It’s pretty clear there’s a pattern. With a legacy in games like Dark Reign and KKnD, the work on the Age of Empires remasters and now the abundance of talent in Age of Darkness, it’s obvious: Australia is really good at making real-time strategy games.
Age of Darkness: Final Stand, which hits early access on Steam today, is a single-player strategy game about surviving waves of Nightmares (read: green undead folk). It’s closest in spirit to They Are Billions, an indie game that briefly rose to the top of Steam’s best seller list thanks to its streamlined management, intensity and classic RTS tropes. Melbourne studio PlaySide have followed a similar path, although it’s clear a lot of their inspiration comes from Warcraft 3.
You start out with a town centre and a small handful of units: one hero, two archers, and two melee soldiers. You’ve got a string of resources in the bottom right, most of which will be familiar to fans of any strategy game from the last three decades: villagers, food, gold, wood, stone, iron and dark crystals, the latter of which you won’t really use until you start to unlock high-tier upgrades.
Initially, as it always is in Warcraft and those iconic Blizzard titles, the goal is to get your economy going. Villagers are used for everything in Age of Darkness — building homes, chopping down trees, mining quarries, or lining up on the battlefield. You don’t control the individual villagers, but can control how many are deployed within certain buildings. A farm, for instance, can support a maximum of four villagers when fully upgraded. But if you find yourself in a spot where you really need that extra worker so you can build one last unit to hold off an incoming wave, Age of Darkness gives you that touch of manual control.
Anyway, most games begin like this. You start by using your available food supply to build houses, which generates gold. Like all resources, gold regenerates on a small timer, so you don’t have to worry about manual worker placement. Once you’ve got enough gold again, you can start building lumber yards to generate wood.
Lumber yards give you the first indication of how Age of Darkness mixes things up. When you place any resource generating building, how much return you get is dependent on what’s within its proximity. Farms, for instance, generate the most return in complete clearing, with no trees, other buildings, or even a nearby shoreline. Add more houses or turrets or literally anything around the farm later on? Its output will slowly decrease.
So you build up your resources, slowly unlocking the tech tree as you go. After a few minutes, day will turn into night, and the fun begins. Nightmares — that’s the zombies — are stronger at night. Some elite nightmares with all their juicy XP and resources only spawn at night in certain locations.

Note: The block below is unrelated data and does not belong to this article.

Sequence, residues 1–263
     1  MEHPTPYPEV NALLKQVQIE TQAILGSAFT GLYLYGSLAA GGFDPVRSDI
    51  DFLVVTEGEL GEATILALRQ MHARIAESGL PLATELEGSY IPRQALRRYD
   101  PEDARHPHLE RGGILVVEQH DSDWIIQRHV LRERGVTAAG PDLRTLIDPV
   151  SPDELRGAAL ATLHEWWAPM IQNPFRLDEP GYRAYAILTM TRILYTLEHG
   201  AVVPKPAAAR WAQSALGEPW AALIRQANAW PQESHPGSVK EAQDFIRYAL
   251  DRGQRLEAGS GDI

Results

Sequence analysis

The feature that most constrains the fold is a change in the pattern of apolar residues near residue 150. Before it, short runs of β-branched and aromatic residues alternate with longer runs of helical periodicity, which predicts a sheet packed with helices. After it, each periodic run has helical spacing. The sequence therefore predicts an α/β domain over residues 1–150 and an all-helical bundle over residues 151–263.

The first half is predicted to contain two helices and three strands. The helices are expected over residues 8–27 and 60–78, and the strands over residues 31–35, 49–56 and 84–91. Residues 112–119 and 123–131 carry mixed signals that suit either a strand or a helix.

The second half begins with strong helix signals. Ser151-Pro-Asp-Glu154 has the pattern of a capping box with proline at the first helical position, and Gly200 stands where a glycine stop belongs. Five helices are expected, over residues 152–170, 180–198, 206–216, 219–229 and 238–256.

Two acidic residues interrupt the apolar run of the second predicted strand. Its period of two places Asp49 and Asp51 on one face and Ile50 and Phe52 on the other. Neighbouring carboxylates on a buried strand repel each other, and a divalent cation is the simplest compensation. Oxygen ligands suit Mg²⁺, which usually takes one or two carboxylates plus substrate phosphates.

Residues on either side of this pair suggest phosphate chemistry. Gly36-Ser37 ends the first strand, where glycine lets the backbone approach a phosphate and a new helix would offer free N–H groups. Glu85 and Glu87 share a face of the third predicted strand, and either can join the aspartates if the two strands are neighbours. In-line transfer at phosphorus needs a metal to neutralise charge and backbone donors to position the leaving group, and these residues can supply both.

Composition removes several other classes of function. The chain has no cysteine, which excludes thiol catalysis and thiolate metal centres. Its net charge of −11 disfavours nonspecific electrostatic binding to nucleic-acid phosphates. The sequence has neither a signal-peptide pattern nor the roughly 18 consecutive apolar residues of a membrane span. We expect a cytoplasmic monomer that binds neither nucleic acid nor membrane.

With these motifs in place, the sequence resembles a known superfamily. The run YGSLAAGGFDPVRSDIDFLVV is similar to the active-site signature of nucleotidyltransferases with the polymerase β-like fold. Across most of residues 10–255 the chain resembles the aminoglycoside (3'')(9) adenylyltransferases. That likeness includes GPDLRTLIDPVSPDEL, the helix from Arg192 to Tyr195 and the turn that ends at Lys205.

Anything you don’t clear out, eventually, will come knocking. You get a few rounds of this day/night cycle, but at one point the game warns you that a crystal is about to explode. When it does, that’s when the horde literally rises up from the ground — and you’d better have some walls, turrets and archers at the ready.
You go through several of these Death Nights, where a crystal explodes, spawning hundreds, then thousands, then tens of thousands of nightmares. The saving grace is that Age of Darkness doesn’t have the nightmares attack you from every angle as soon as The Bad Night begins. You’re usually given a day’s notice to prepare, and for each incoming massive wave you’re gifted with one of three “blessings” to stave off future waves.
Most things in Age of Darkness happen relatively slowly. Your units, the nightmares themselves, building times: everything is at a fairly leisurely pace. There’s an active pause, much like the new Company of Heroes, which lets you issue future commands while pondering the battlefield.
It’s all very considered and, surprisingly, a lot more polished than I expected. Age of Darkness is still very much an early access game, so a lot of the choices you make are relatively limited for now. There’s only six main units: archers, soldiers, upgraded versions of both, and two siege units in the Flamer and Impaler. You’ve also got a single hero unit, which for now is the flame-wielding Edwin who slowly levels up with more kills.
Edwin’s your most powerful asset in the first several days. He’s capable of damaging the nightmares so much that your other forces only require a single stab, or shot, to finish the job. But that also means there’s a strong practical benefit to closely managing Edwin’s targets, since you’ll be better able to deal with waves of undead by making sure Edwin isn’t wasting his attacks.